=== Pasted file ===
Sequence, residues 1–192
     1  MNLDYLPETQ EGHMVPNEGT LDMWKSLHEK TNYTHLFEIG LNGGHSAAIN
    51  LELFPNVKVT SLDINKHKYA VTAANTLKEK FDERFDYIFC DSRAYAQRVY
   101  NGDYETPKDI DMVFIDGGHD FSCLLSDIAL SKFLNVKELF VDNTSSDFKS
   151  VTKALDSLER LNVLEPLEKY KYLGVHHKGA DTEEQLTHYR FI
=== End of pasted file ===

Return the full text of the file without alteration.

Sequence, residues 1–192
     1  MNLDYLPETQ EGHMVPNEGT LDMWKSLHEK TNYTHLFEIG LNGGHSAAIN
    51  LELFPNVKVT SLDINKHKYA VTAANTLKEK FDERFDYIFC DSRAYAQRVY
   101  NGDYETPKDI DMVFIDGGHD FSCLLSDIAL SKFLNVKELF VDNTSSDFKS
   151  VTKALDSLER LNVLEPLEKY KYLGVHHKGA DTEEQLTHYR FI